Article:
Since graduating from ECU in the Spring of 2020, Chris has worked as a biomechanist in Major League Baseball, first for the Texas Rangers and now the Minnesota Twins organizations. His primary roles have included analyzing player movement data and working to integrate biomechanics data within larger sports science programs.Chris and his wife, Marie, live in Durham, NC with their son, Beckett. Outside of work they enjoy hiking, traveling, and spending time outdoors with their two dogs, Griffey and Sampson.
“Chris became interested in baseball biomechanics because of the ability to quantify change in a sport that all too often relied on visual evaluation and qualitative feedback. As the field has, and will continue to grow he believes we have the ability to influence performance optimization and injury risk evaluation on an individual player level with more accuracy than has ever been available before”
Georgia Giblin, Ph.D.
Georgia Giblin is currently the Director, Performance Science with the Detroit Tigers. Georgia oversees the Performance Science department and is responsible for researching, planning, and implementing performance science solutions. She works across multiple departments within the organization with the goal of optimizing player performance and mitigating injury risk. Prior to joining the Tigers, Georgia spent one year at the University of Michigan as a post-doctoral fellow. Before moving to the US, Georgia spent 4 years as a biomechanist at the Queensland Academy of Sport, supporting Australia’s Olympic athletes across Track & Field, Softball, Triathlon, and Archery. Georgia completed her Ph.D. in Biomechanics and Motor Learning at Victoria University in Melbourne, in partnership with Tennis Australia where she investigated the relationship between how coaches perceived technical changes in movement, and subsequently how athletes implement varying levels of feedback into their movement patterns.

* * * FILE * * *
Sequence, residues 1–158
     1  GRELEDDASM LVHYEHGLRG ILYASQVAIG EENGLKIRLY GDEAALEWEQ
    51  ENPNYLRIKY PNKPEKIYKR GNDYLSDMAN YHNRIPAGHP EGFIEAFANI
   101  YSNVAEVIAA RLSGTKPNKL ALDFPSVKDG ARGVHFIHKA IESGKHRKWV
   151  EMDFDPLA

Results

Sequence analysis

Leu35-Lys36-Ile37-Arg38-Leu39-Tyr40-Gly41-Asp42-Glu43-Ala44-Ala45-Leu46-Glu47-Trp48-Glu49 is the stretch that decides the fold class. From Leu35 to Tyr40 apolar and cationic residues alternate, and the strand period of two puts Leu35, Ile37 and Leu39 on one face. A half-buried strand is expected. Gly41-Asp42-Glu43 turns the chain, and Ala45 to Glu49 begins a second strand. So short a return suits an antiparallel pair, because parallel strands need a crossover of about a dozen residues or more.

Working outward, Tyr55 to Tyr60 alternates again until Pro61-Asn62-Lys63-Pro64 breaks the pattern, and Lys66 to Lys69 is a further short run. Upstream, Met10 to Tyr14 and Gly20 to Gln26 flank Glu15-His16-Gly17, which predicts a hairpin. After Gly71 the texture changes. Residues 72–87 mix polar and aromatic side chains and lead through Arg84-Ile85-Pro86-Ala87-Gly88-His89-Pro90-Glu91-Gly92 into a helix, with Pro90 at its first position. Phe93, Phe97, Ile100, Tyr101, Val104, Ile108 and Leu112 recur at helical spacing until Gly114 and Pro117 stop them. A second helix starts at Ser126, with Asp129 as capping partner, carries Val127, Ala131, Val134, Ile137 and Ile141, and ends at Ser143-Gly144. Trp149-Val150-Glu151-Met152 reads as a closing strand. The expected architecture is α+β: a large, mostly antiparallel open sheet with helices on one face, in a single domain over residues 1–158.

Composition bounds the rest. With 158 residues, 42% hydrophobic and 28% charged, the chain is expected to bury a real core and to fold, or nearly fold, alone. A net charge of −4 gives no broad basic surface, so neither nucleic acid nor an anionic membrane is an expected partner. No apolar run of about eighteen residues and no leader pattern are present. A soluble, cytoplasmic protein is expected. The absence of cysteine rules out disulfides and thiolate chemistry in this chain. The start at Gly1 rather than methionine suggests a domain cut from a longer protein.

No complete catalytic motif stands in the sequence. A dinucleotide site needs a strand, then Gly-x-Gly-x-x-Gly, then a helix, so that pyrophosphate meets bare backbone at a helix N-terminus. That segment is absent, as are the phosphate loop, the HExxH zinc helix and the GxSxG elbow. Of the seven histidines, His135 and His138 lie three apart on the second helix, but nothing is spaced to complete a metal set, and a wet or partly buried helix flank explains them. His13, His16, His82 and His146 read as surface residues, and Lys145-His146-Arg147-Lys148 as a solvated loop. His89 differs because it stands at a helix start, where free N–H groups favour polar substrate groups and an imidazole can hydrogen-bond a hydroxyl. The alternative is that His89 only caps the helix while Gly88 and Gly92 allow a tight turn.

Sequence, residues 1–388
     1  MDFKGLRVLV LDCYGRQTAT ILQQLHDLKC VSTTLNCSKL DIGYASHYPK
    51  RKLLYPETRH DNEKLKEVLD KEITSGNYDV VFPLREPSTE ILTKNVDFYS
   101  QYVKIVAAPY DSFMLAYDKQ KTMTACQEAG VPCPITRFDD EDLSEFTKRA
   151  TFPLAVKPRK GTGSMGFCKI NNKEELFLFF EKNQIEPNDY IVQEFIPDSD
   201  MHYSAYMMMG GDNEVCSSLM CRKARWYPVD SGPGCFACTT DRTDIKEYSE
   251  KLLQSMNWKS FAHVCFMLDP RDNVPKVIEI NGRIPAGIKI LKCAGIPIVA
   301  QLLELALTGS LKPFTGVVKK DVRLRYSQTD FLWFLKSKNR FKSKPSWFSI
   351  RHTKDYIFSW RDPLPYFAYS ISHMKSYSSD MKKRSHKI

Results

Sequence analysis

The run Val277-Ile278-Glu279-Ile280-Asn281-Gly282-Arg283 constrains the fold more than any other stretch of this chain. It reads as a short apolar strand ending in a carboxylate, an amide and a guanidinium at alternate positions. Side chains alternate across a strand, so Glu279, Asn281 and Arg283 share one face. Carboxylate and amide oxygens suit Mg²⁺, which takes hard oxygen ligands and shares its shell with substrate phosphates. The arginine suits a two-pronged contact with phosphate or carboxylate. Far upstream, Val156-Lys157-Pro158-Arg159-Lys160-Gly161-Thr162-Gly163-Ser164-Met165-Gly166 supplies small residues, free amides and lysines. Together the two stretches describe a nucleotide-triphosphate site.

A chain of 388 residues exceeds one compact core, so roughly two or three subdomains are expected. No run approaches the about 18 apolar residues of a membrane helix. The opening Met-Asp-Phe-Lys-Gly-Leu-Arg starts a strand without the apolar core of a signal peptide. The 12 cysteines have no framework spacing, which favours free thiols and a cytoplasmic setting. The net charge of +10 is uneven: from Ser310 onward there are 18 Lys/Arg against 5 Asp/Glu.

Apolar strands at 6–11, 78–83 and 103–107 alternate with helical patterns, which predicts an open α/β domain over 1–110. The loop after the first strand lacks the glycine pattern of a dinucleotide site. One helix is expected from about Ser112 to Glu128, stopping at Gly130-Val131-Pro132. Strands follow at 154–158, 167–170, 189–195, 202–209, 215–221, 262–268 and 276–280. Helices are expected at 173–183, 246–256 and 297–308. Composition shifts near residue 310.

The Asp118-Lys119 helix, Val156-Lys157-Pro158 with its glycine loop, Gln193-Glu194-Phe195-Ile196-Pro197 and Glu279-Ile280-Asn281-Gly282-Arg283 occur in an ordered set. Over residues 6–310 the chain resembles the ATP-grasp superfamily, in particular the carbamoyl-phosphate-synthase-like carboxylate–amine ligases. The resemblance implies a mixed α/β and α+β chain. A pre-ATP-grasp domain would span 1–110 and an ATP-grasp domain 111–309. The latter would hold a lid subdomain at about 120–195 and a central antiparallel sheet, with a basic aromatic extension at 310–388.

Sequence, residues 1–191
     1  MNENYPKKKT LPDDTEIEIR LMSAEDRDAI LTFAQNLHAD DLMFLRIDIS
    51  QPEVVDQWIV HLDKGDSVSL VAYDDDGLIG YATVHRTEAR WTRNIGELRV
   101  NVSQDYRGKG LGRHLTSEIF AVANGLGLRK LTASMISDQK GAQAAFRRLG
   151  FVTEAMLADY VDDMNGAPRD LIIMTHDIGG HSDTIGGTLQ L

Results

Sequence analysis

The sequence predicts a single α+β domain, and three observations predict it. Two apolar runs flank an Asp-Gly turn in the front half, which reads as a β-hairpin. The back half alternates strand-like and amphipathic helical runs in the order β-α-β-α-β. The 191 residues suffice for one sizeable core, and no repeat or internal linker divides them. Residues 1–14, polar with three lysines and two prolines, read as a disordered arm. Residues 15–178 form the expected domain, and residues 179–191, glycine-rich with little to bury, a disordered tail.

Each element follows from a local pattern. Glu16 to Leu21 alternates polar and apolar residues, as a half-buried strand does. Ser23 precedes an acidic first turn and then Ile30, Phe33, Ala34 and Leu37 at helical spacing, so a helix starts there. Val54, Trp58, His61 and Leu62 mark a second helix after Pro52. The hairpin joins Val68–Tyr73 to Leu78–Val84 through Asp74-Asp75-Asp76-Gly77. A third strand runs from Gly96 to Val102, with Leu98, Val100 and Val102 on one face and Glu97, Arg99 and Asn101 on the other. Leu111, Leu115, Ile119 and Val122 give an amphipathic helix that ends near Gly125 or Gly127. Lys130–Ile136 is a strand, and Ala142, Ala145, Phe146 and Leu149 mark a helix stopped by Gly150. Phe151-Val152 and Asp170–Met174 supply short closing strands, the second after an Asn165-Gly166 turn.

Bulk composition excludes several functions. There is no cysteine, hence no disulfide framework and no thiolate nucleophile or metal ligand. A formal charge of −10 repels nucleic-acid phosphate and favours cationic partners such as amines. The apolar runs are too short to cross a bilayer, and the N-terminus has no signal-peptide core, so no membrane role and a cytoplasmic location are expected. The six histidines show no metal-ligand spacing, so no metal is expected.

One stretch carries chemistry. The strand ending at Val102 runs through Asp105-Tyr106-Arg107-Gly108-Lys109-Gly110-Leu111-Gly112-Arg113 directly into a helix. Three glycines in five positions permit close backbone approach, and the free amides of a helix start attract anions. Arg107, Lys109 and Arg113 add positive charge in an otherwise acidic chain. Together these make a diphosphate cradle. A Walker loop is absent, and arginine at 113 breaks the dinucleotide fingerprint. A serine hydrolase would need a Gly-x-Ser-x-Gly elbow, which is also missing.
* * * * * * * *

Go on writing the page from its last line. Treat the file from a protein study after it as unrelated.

“I believe biomechanics in baseball is the next big frontier, but the real value lies in how we as biomechanists can translate the information to create actionable changes with our coaches and players.”
Ben Hansen, B.S.
Ben Hansen is currently the Product Engineering Lead- AI & Sports Technology for Intel’s Olympic Technology Group. Prior to joining Intel, Hansen spent 2 years as a Senior Biomechanical Engineer with the Chicago White Sox, overseeing the acquisition of Motus Global’s biomechanics lab, database, and motusTHROW IP/source code.
Hansen spent 8 years serving as CTO and VP of Biomechanics at Motus Global, pioneering wearable technology for baseball pitchers alongside contracting biomechanics lab services to sports teams.
Hansen has a B.S. in biomedical engineering and mathematics from the Milwaukee School of Engineering. During his Ph.D. candidacy at Marquette University (biomedical engineering), Hansen was a motion capture technician for the Milwaukee Brewers and was a summer intern at the American Sports Medicine Institute. Hansen departed his studies to join Motus Global as their first employee.
“I’m focused on bringing human biomechanics to the masses via computer vision, hardware, and software development.”
Kristen Nicholson, Ph.D.
Kristen Nicholson, PhD, joined the Wake Forest pitching lab staff in October 2018 as the director of the lab and lead of biomechanics research. She earned her undergraduate in Mathematical Science from Clemson University in 2010 and her MS and PhD in Biomechanics and Movement Science from the University of Delaware in 2015. Dr. Nicholson wrote her dissertation on a mathematical model for measuring scapular motion and became an expert in upper extremity biomechanics.
While at the University of Delaware, Dr. Nicholson was the project lead on a collaborative project between US Figure Skating, the University of Delaware, and C-Motion. The project was designed to facilitate the performance of triple and quad revolution jumps by Olympic and pre-Olympic skaters.